About 30 minutes drive from one of the world’s top universities, the Massachusetts Institute of Technology, is the city of Lowell, home to more than 30,000 Cambodians.
Almost a fifth of Cambodians in the United States finish high school and about one in ten gain a bachelors degree or higher, but in Lowell those who manage to get through school often have to avoid the lure of drugs, gangs and the violence that comes with the territory.
Kiana Nem, 16, says her parents, who were first generation Cambodian-Americans, worked hard to keep her in school.
“My parents, they support me a lot for school. I try to look for a job now, but they say I should try to focus on school,” she said.
Similarly, 17-year-old high schooler Visaka In is looking forward to graduating and going to college.
“My mother definitely wants me to finish school, especially since I was the youngest child. So she definitely wants me to succeed like my siblings,” In said.
William Chan, 16, says the fact that his parents did not finish school has motivated him to try harder.
“They want me to be more capable of doing things and having more opportunities since I had an opportunity to be born here,” Chan said.
Parents in Lowell see education as a way for their children to not repeat the same mistakes as their parents, says Rithy Uong, a Cambodian American educator and a guidance counselor at Lowell High School.
“Most Cambodian students here are doing well. In the past 10 years, we had several Cambodian students graduating from the top of their classes, and some receiving scholarships to go to Stanford [University] and MIT,” he said.
Almost a third of the 4,000 students at the school are of Cambodian origin.
“Their parents today understand the importance of education, and they try to keep their children in school, and many students succeeded,” said Uong. “Some are now lawyers and pharmacists and many are owning small businesses.”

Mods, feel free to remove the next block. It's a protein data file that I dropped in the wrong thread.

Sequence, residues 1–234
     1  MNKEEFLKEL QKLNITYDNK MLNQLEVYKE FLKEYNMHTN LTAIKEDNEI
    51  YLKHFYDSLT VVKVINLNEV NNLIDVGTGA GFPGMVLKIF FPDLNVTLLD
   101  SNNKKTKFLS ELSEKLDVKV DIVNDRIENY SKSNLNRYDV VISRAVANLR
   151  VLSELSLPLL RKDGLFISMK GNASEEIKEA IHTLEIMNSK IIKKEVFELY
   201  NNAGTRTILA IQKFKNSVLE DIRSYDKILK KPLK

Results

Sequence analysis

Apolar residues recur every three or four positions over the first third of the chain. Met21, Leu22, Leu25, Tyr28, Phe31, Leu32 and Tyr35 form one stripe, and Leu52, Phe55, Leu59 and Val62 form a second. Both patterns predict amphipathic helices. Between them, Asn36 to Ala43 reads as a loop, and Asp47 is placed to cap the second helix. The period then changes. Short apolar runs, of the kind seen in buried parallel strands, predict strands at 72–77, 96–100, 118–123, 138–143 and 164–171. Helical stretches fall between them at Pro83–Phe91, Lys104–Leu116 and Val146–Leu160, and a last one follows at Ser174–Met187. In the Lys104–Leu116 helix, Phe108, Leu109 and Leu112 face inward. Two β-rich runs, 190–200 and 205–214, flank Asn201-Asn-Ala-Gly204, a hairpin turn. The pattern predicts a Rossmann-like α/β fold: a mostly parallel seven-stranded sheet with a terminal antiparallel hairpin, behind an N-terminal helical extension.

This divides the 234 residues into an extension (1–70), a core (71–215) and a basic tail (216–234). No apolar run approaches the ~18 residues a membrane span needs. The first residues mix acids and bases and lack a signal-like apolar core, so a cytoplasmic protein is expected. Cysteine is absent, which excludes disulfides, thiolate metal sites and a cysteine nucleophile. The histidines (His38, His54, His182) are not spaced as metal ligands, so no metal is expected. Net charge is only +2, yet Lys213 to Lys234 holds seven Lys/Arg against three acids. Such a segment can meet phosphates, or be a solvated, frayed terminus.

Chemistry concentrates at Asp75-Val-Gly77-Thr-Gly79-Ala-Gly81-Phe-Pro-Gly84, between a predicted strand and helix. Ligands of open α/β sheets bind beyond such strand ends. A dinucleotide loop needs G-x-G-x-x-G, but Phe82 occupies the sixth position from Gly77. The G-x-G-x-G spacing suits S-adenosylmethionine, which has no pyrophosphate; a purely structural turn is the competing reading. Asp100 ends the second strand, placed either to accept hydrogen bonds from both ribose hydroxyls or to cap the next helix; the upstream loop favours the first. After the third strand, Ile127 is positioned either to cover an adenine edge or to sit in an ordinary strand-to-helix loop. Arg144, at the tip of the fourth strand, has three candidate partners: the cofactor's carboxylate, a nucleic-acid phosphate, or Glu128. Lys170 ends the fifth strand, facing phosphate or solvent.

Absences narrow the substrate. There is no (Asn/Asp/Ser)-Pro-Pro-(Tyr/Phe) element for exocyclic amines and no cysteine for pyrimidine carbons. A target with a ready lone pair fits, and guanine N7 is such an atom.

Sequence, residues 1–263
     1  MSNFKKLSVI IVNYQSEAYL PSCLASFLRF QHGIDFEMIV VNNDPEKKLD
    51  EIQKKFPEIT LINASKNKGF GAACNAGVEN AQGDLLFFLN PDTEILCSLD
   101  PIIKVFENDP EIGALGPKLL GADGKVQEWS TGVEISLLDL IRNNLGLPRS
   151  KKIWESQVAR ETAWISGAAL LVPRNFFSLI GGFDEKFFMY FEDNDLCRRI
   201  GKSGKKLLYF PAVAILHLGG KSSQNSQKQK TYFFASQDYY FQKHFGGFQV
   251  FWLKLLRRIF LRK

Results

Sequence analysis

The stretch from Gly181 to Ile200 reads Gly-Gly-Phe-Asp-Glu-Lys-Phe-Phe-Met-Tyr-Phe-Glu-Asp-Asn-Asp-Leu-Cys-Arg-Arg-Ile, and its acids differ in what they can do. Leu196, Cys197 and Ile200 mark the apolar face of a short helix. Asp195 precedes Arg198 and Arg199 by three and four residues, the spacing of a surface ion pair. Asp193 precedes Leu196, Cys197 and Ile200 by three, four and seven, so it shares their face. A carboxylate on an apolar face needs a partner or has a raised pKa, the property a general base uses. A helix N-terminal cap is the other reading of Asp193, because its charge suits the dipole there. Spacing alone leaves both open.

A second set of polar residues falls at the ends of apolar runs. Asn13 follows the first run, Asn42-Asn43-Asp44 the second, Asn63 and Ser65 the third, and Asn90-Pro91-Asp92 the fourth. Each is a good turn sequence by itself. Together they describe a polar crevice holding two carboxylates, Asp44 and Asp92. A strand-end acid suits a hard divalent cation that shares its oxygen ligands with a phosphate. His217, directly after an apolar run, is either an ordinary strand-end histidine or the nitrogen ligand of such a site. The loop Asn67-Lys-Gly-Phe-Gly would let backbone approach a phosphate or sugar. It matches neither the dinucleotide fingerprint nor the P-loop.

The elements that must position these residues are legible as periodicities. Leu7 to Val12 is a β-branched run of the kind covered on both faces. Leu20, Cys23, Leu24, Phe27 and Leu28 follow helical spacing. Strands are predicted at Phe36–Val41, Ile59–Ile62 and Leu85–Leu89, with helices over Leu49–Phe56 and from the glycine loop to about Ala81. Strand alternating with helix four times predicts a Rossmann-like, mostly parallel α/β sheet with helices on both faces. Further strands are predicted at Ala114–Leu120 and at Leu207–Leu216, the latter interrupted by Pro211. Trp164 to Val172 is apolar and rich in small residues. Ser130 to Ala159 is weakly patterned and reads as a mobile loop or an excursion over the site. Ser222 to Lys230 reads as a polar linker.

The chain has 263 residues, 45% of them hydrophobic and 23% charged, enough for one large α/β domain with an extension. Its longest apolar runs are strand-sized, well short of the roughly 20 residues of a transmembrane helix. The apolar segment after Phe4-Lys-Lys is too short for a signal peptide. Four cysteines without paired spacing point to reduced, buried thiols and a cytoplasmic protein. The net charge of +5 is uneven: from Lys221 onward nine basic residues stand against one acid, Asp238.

However, he continues, gang violence and substance abuse continues to be a problem for the youth in Lowell –currently one of the lowest income cities in Massachusetts.
In the 1990s, Tatyana Pheara Tuy, 37, and Sochenda Uch, 32, the children of Cambodian refugees who fled the Khmer Rouge regime, saw the explosion of gang-related violence in the city.
Tuy was a hard-working student and her parents did their best to keep her engaged with her studies.
“What they wanted to see was that you were not skipping school. You were not involved in gang violence. You were not pregnant,” she said.
Born in Battambang towards the end of the Khmer Rouge reign, Tuy arrived in the United States with her parents when she was four after living in the Cambodian-Thai refugee camps.
Uch was 12 when the wave of gang violence hit Lowell, in 1995. “When I was growing up, there were a lot of gangs,” he said. “All around me, the neighborhood, there were always bad things happening.”
Uch, a coordinator at Teen BLOCK, a project set up to empower young people in the community to be part of positive change, says it was tough coming to terms with the two cultures.
“I saw some of my friends pulled away from being good and joined gangs, and that affected their life to this day, because they made different decisions than I did.”
Organized by the Lowell Community Health Center, youth programs such as Teen BLOCK, have helped teaching many young people a valuable set of skills, such as leadership and entrepreneurship.
“We want to tell young people that there are different things that you can do, rather than drug or being part of gang, and even if you were part of the gang, how we can help you get out of that,” Uch said.
Many of the parents of these Cambodian-Americans have jobs, yet many more live on welfare and food stamps, or take more than one low-paid job to make ends meet.
Pheng Ang, a father of five, arrived in Lowell in 1987 with his wife.
Born in Srey Santhor district of Cambodia’s Kompong Cham province, Ang chose to work at a local bank, counting money, and his wife worked at a factory that produced plastic utensils, in order to support their kids in school.
“As refugees coming to a new land, living off the welfare, it took very hard work for us as parents, you know, to help guide the kids out of the gangs and stay in school,” he said.
Gangs and teenage pregnancy were big problems by the time Ang’s children started to grow up.
“My wife worked on the morning shift, and I worked on the afternoon shift. We did so because we didn’t want to leave the children all by themselves, because gangs were everywhere,” he said.
Today Ang, now 71, is a “happy father.” His eldest son is an engineer, another son a police officer, and a third a medical doctor.
But most are not so fortunate or came to the United States with English skills, as Ang did.
For Tatyana Phearea Tuy’s parents, “they had to pick up trash cans for a living in the past 20 years,” she said.
“Back then it was very tough for parents and their children,” said Uong. “Few speak proper English, while trying to make the ends meet, and facing security concerns due to gangs and robbery,” he added.